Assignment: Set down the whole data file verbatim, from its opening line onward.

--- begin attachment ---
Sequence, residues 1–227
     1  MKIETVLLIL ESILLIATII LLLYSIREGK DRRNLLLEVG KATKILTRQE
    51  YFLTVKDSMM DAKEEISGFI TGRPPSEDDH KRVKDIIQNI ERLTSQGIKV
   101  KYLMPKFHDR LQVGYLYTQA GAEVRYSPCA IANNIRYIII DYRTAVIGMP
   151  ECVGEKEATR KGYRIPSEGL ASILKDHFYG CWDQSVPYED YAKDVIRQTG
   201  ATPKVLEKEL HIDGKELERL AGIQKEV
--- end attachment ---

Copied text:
Sequence, residues 1–227
     1  MKIETVLLIL ESILLIATII LLLYSIREGK DRRNLLLEVG KATKILTRQE
    51  YFLTVKDSMM DAKEEISGFI TGRPPSEDDH KRVKDIIQNI ERLTSQGIKV
   101  KYLMPKFHDR LQVGYLYTQA GAEVRYSPCA IANNIRYIII DYRTAVIGMP
   151  ECVGEKEATR KGYRIPSEGL ASILKDHFYG CWDQSVPYED YAKDVIRQTG
   201  ATPKVLEKEL HIDGKELERL AGIQKEV